Theresa May has sparked fury and ridicule after suggesting that a second Brexit referendum would trigger riots in the streets from Leave voters.
Speaking in the House of Commons, the prime minister for the first time raised the spectre of violence, declaring a fresh vote on quitting the EU could “damage social cohesion” by trashing faith in democracy.
Less than a week after suffering a historic defeat on her Brexit plan, May took a harder line than ever in rejecting the idea of a so-called “people’s vote” to give Britons a say on the deal with Brussels.
Angry Labour MPs said she was giving succour to “fascist” groups, while Liberal Democrat leader Sir Vince Cable wondered whether she was going to use troops to keep the peace.
In what appeared to be a new harder line to please her backbench Brexiteer MPs to win support for her deal, May told a packed Commons of the dangers of a new referendum stalling or reversing the 2016 decision to quit the EU.
“There has not yet been enough recognition of the way that a second referendum could damage social cohesion by undermining faith in our democracy,” she said.
Downing Street suggested that the PM had not been referring to street violence with her ‘social cohesion’ remark, but critics claimed her intention was clear.
Several MPs pointed out that far-right protestors have targeted referendum-supporting Tories like Anna Soubry recently, accusing them of being traitors.
Labour MP Peter Kyle asked May: “There is only an ultra small minority of very, very right wing people who are trying to undermine social cohesion in this country in order to prevent a people’s vote.
“When did the Tory party start running away from fascists rather than standing up to them?”
The PM said his remark was ‘beneath’ him, but rammed home her point that there would be public anger if the vote of 2016 was not delivered.
“Throughout my political career I have said when I have seen other countries have second referendums on decisions in relation to Europe – because it didn’t come out in the way that politicians at the time wanted it to come out – that it was hugely important that people accepted the result of the first referendum.
“This house overwhelmingly voted for that referendum, this House overwhelmingly voted to trigger Article 50. I believe we should follow through on those decisions.”
Asked what the collapse of social cohesion meant, a No.10 spokesman said: “There is a covenant of trust between the electorate and the government of the day.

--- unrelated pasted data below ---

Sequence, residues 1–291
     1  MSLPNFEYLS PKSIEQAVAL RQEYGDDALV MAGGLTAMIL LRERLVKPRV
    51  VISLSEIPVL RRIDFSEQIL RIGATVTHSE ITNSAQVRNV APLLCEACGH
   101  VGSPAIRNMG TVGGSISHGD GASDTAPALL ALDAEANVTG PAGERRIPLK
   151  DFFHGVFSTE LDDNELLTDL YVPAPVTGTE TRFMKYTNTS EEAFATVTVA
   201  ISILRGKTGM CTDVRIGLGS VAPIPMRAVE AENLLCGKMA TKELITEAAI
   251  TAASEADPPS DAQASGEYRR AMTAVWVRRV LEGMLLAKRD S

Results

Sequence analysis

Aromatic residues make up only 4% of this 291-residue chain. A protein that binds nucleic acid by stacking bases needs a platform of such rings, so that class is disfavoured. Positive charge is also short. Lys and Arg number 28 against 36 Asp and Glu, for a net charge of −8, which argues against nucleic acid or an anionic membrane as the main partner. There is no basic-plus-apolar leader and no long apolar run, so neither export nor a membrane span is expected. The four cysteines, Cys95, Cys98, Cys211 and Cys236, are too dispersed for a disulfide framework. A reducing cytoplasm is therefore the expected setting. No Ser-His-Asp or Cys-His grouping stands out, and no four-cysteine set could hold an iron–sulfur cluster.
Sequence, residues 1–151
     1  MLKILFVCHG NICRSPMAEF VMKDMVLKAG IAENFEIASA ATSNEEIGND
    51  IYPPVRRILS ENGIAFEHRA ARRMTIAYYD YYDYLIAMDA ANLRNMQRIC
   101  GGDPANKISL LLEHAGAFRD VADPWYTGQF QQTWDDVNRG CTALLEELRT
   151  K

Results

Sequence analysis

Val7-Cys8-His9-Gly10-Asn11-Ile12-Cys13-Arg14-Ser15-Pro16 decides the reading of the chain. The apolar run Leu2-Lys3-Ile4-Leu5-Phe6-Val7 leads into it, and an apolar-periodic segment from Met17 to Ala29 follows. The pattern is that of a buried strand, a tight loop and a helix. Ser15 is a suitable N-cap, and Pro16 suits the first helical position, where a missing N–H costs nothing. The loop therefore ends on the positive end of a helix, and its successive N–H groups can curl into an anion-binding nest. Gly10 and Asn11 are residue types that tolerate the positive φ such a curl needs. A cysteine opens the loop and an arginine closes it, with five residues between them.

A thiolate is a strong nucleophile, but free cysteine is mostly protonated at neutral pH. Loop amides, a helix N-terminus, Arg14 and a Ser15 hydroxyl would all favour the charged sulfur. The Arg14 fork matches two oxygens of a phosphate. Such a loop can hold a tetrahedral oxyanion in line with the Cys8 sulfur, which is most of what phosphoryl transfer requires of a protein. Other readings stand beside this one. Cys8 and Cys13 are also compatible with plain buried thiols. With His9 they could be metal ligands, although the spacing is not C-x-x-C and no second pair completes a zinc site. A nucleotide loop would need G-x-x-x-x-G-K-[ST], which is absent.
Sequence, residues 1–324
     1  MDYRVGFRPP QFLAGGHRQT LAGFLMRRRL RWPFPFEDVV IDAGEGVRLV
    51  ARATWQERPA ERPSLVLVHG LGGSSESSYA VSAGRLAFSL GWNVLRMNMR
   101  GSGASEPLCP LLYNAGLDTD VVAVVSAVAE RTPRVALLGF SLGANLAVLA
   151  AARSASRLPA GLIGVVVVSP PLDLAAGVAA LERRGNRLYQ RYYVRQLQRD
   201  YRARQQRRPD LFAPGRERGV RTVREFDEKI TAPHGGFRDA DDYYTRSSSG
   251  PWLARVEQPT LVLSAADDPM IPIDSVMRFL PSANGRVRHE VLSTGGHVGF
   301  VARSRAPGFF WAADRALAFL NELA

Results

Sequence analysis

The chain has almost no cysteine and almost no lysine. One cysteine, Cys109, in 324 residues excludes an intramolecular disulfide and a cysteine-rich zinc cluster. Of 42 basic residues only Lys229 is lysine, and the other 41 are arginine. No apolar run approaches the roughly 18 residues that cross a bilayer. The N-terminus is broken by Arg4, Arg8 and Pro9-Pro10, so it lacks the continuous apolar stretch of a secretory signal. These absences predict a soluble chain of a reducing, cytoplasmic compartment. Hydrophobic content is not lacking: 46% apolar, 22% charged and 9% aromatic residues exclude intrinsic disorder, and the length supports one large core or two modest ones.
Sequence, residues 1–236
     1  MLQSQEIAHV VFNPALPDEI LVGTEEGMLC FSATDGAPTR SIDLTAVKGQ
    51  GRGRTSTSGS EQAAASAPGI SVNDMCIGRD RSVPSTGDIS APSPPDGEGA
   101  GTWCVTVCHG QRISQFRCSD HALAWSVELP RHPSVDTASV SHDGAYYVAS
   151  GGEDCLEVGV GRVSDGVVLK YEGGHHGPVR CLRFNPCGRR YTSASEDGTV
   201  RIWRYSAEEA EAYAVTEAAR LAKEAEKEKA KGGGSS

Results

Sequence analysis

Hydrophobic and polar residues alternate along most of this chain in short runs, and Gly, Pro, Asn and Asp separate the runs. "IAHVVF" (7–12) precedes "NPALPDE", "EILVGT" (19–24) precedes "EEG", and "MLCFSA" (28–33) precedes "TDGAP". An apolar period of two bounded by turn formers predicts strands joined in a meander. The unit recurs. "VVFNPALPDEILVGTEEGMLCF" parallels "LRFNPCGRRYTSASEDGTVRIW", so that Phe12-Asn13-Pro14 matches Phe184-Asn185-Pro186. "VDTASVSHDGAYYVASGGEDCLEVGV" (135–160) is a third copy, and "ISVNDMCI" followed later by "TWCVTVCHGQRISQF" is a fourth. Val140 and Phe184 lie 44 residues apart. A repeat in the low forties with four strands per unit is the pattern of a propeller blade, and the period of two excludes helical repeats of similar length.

“The PM’s firm belief is that it’s the government’s duty to act on the clearly expressed wishes of the electorate and obviously were that not to happen I think she’s saying that wouldn’t be and shouldn’t be without consequences.
“One of the points the PM has made in the past is about people, some of whom have participated in a democratic process for the first time in their lives, and they expect having given a clear instruction, that that will be delivered upon.
“Clearly it’s not unreasonable that there might be bad feeling or rancour or however you want to describe it if those people didn’t feel the instruction had been carried out.”
“I think she’s talking about the bond of trust that has to exist in a democracy between the electorate and the elected.”
But in the Commons, Lib Dem leader Cable pointed out that Defence Secretary Gavin Williamson put 3,500 troops on standby for Brexit emergencies.
“Could she clarify what their rules of engagement would be in the event that they faced angry and violent demonstrators, and would they be armed?”
May replied the troops would relieve others undertaking roles such as ‘guarding of certain sites’.
Labour MP Catherine McKinnell told HuffPost UK: “Theresa May is playing a dangerous game with her warnings about social cohesion.
“Brexit has divided the country, but what would undermine faith in our democracy is if MPs force a Brexit plan through on which the country has no say and is not supported by either remain or leave voters.
“A new vote would be different from the last one, focused on a real Brexit deal rather than a vague promise which can’t be delivered, with a different campaign talking about a different Britain. The answer to far-right thugs threatening our democracy must always be more democracy, not less.”
Chuka Umunna, a leading campaigner for a People’s Vote, told May: “It would be wholly wrong to allow any group in society to threaten and intimidate us into not following our democratic processes and into not holding votes.”